Why do we screen
In line with Section 75 of the Northern Ireland Act 1998, the University is required to ensure that its policies are reviewed to assess their likely impact on equality of opportunity and good relations on specific groups of people (i.e. the Section 75 categories).
This review is called equality screening.
Screening ensures that equality of opportunity and good relations are central to policy decision-making and service provision (i.e. equality is ‘mainstreamed’).
Screening provides evidence that the policy owner has paid ‘due regard’ to the promotion of equality of opportunity and ‘regard’ to the desirability of promoting good relations during policy development and review. Screening helps the policy owner to develop a better policy.
The policy owner is responsible for equality screening.
Staff within the University’s Equality, Diversity and Inclusion Unit are responsible for supporting the policy owner to complete the equality screening pro forma and facilitating its inclusion in a public policy screening consultation exercise.
When to screen
Screening must be considered before and at the time that a policy is being considered, and not afterwards.
In practical terms, this means that if you are beginning to revise an existing policy or commence the creation of a new policy, you must begin the equality screening process at that time and continue to focus on the screen as you develop the policy.
How to screen
The University’s Policy Screening Protocol sets out the steps that a policy owner should take during equality screening.
The policy owner should complete an Equality Screening Pro forma as the policy is being developed or reviewed.
The pro forma has been developed using the template from the Equality Commission for Northern Ireland (ECNI) to ensure that all policies are reviewed systematically and consistently.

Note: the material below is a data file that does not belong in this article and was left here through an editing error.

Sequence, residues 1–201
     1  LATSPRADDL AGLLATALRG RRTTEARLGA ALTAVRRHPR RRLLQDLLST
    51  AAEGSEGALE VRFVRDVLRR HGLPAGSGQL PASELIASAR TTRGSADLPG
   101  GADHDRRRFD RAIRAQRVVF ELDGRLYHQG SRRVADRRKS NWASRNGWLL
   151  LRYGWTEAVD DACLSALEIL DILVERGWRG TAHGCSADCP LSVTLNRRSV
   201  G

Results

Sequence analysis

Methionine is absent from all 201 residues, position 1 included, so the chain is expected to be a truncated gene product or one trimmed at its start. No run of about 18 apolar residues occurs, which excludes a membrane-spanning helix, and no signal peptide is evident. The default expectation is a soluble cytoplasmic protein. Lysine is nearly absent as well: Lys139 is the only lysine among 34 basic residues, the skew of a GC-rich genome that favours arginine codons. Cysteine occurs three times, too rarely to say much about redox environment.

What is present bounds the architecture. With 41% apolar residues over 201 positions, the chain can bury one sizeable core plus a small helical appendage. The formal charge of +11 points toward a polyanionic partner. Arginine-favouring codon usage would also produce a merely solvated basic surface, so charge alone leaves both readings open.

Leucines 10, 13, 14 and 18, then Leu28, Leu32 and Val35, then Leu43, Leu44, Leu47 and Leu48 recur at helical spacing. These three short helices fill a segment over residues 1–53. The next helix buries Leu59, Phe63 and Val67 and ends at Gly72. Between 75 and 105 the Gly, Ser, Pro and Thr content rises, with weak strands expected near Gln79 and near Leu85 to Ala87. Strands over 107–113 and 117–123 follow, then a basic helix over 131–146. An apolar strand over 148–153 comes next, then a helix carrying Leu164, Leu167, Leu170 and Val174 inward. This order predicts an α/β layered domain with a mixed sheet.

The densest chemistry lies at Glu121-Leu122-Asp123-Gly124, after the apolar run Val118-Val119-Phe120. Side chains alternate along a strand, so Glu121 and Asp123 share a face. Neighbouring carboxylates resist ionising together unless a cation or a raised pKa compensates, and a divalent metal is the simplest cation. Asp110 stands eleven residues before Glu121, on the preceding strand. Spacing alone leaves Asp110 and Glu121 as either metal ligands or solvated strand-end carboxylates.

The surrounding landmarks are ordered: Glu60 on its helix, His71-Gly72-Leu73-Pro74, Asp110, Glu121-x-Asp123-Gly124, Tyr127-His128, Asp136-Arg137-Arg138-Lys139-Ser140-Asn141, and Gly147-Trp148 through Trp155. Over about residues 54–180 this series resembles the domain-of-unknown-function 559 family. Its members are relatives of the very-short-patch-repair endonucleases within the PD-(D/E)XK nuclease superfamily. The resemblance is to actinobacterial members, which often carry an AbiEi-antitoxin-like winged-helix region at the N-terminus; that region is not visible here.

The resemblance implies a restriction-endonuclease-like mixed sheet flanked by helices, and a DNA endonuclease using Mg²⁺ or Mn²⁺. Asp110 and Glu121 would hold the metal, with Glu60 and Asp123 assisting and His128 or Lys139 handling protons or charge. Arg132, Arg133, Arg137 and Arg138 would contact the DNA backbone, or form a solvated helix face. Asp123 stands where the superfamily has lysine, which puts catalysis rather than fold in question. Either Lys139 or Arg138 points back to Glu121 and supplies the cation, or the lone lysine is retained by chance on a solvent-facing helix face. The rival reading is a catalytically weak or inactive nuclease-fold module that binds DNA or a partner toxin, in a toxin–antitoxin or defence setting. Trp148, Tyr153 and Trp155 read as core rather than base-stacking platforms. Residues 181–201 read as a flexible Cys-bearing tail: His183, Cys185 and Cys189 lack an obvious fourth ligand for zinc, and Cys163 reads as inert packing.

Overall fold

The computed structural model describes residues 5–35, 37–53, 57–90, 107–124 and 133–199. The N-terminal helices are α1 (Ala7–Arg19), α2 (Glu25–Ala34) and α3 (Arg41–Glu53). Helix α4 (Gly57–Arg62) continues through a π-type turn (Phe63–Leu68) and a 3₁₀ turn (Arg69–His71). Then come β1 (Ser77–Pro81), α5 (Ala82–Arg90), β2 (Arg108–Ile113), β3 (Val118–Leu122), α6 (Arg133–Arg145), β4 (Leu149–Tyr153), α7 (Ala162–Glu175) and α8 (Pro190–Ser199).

The screening protocol and pro forma are both available for staff by contacting the Equality, Diversity & Inclusion Unit.
Equality screening decisions
During policy screening, the impacts associated with a policy are assessed using relevant quantitative or qualitative data.
These data provide evidence to inform the screening decision.
The screening decision may be that the policy is ‘screened in’ for a full equality impact assessment (EQIA) or that a full EQIA is not required (i.e. it is ‘screened out’), either because there are no equality implications identified during screening or because if there are, these can be mitigated. Mitigation could mean introducing an alternative policy or amending the policy so that it better promotes equality of opportunity and/or good relations.
Equality impact assessment
The Equality Commission recommends that, once a policy is screened and if it has a major potential to impact on equality of opportunity and good relations, then it should be subjected to an equality impact assessment (EQIA).
An EQIA is a thorough and systematic analysis of a policy that is carried out in accordance with the ECNI’s Guidance for Implementing Section 75 of the NI Act 1998 and its Practical Guidance on Equality Impact Assessment. This sets out a seven-step procedure for conducting an EQIA.
Consultation enables an assessment to be made of the views of those who are affected by policy decisions or by the design of services. It can help the University to become aware of issues and problems which policies may pose for various individuals or groups and which it might not otherwise discover.
Consultation provides an important means of enabling those who may be adversely affected by a policy to participate in the process of policy making.
The University consults publicly on its screening decisions relating to new and revised policies twice a year (as appropriate) and on its EQIAs, in accordance with the principles contained in the ECNI’s guidance on implementing Section 75.
Screening consultation does not need to stop / slow the implementation of a policy, however, should any substantive feedback be received from consultees the policy may need to be amended accordingly.
The University reports on its equality screening exercises within its Section 75 Annual Progress Report.
Further advice and guidance
If you require advice on the equality screening process, please contact a member of staff in the Equality, Diversity and Inclusion team.
The Equality Commission for Northern Ireland has developed the following guidance on equality screening: